Studies have linked low vitamin D with a higher risk of Alzheimer’s disease. However, it’s not clear whether vitamin D supplementation lowers Alzheimer’s risk. You can get vitamin D through sun exposure as well as your diet.

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Alzheimer’s disease (AD) is the most common form of dementia in older adults. According to the Alzheimer’s Association, 6 million people in the United States are currently living with AD. This number is expected to increase to almost 13 million by 2050.

There’s currently no cure for AD. Additionally, there’s no surefire way to prevent AD from developing, although certain lifestyle choices may help to reduce your risk.

Some research has suggested that vitamin D supplementation may reduce the risk of AD. Continue reading to discover more.

Learn more about Alzheimer’s disease.

Research done in animals and cells in a laboratory indicates that vitamin D has a neuroprotective effect.

It has been found to decrease amyloid beta production and may also protect against changes in tau protein that may contribute to AD. But it’s not clear whether any aspect of these research results has an effect on humans.

Research has also linked low vitamin D with a higher risk of AD. A 2014 study found that, compared to those with sufficient vitamin D, participants who were deficient in vitamin D had a higher risk of dementia and AD.

Results like these raised the question of whether or not supplementation with vitamin D could reduce the risk of AD. Generally speaking, results have been mixed.

A 2020 review analyzed nine clinical trials of the effects of vitamin D supplements on AD risk. The reviewers didn’t find enough evidence to support the use of vitamin D for preventing AD and note that more research is needed.

A 2023 study explored vitamin D and AD risk. It found that vitamin D exposure was associated with living longer without dementia and 40% lower dementia incidence in general compared to no vitamin D exposure.

The study also highlighted certain groups that may receive the most benefits from vitamin D regarding AD risk. These included:

The bottom line

Some evidence suggests that vitamin D supplementation may help to lower the risk of AD. However, results of studies looking into the effects of vitamin D on AD development have been mixed.

Additionally, studies have yet to confirm a direct causal link between vitamin D supplementation and prevention of AD. Overall, more research is needed into this topic, including larger, more rigorous clinical trials.

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While vitamin D has many health benefits, getting too much vitamin D from supplements is potentially harmful. According to the National Institutes of Health (NIH), having too much vitamin D in your blood can lead to:

Very high levels can cause irregular heart rate, kidney failure, and potentially death. The NIH also notes that most instances of excess vitamin D are in people taking vitamin D supplements.

The amount of daily vitamin D that’s recommended for you depends on your age. The table below shows daily vitamin D recommendations according to the NIH.

NIH vitamin D recommendations

AgeRecommended daily vitamin D in micrograms (mcg) and International units (IU)
Birth to 12 months10 mcg (400 IU)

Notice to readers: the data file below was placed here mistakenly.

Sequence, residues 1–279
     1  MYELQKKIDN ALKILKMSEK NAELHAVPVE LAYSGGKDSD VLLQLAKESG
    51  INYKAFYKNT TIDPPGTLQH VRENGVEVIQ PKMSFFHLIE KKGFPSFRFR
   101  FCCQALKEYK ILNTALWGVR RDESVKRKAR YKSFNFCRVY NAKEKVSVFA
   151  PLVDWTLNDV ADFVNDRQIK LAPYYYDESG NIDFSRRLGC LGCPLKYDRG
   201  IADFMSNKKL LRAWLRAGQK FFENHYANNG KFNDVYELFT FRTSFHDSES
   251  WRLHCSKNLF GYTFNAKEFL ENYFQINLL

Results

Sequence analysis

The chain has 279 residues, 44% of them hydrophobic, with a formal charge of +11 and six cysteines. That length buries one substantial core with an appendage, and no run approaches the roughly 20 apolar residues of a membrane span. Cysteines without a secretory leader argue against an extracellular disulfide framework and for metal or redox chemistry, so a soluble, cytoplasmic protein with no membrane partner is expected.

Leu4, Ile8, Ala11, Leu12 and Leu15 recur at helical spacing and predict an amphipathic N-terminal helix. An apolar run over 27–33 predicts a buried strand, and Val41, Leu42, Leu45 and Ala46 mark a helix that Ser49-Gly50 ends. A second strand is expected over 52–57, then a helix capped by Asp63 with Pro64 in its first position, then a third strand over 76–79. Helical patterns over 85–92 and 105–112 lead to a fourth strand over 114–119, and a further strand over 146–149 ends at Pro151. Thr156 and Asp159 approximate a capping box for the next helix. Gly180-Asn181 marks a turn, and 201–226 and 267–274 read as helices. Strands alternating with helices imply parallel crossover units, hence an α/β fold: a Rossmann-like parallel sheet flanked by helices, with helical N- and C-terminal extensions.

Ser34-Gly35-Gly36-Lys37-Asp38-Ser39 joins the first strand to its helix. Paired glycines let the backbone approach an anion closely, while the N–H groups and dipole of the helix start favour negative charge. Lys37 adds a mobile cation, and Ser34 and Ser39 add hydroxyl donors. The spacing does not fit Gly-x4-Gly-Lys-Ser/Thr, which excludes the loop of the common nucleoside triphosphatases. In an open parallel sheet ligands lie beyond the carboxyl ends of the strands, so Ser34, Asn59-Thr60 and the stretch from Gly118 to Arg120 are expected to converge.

Ages 1 to 70 years15 mcg (600 IU)
Age 71 and older20 mcg (800 IU)
Pregnant and nursing 15 mcg (600 IU)

Your body naturally produces vitamin D in response to sunlight. While some research suggests 5–30 minutes of sun exposure most days of the week can lead to sufficient vitamin D production, this can vary based on:

  • the season and length of the day
  • whether or not there’s a lot of cloud cover
  • air pollution
  • sunscreen use
  • skin melanin content

Prolonged sun exposure is also linked to the development of skin cancer. As such, it’s also a good idea to enrich your diet with foods that are high in vitamin D.

Some examples of foods that are rich in vitamin D include:

Is there a link between vitamin D and worsened Alzheimer’s?

One 2022 study of animal models and a human cohort suggested that vitamin D supplementation worsened AD. However, the authors of a 2023 article questioned this study’s methods and interpretation of results.

Results on whether or not vitamin D improves function in dementia have been mixed. Some studies have seen the benefits of vitamin D for MCI and AD. However, a 2022 review didn’t find enough evidence that vitamin D improves function.

What is the best vitamin supplement for Alzheimer’s?

The National Center for Complementary and Integrative Health (NCCIH) notes that while some studies have shown modest effects for some supplements in preventing cognitive decline and dementia, direct evidence is lacking.

The organization does note that the most consistent positive results have been in studies of omega-3 fatty acid supplements.

How much vitamin D is needed to prevent dementia?

A causal link between low vitamin D and dementia hasn’t been proven. However, it’s known that low vitamin D can cause a variety of health problems. As such, it’s always a good rule of thumb to ensure you’re getting sufficient daily vitamin D.

The NIH recommends that most people get 15 mcg (600 IU) of vitamin D each day for general health.

Research has linked low vitamin D with a higher risk of AD. However, the results of studies on whether or not vitamin D supplementation reduces the risk of AD have been mixed. Overall, more research into this topic is needed.

You can get vitamin D by sun exposure and via your diet. Individuals who cannot get enough vitamin D through these routes may need to take a supplement. Always talk with your doctor before adding any new supplements to your diet.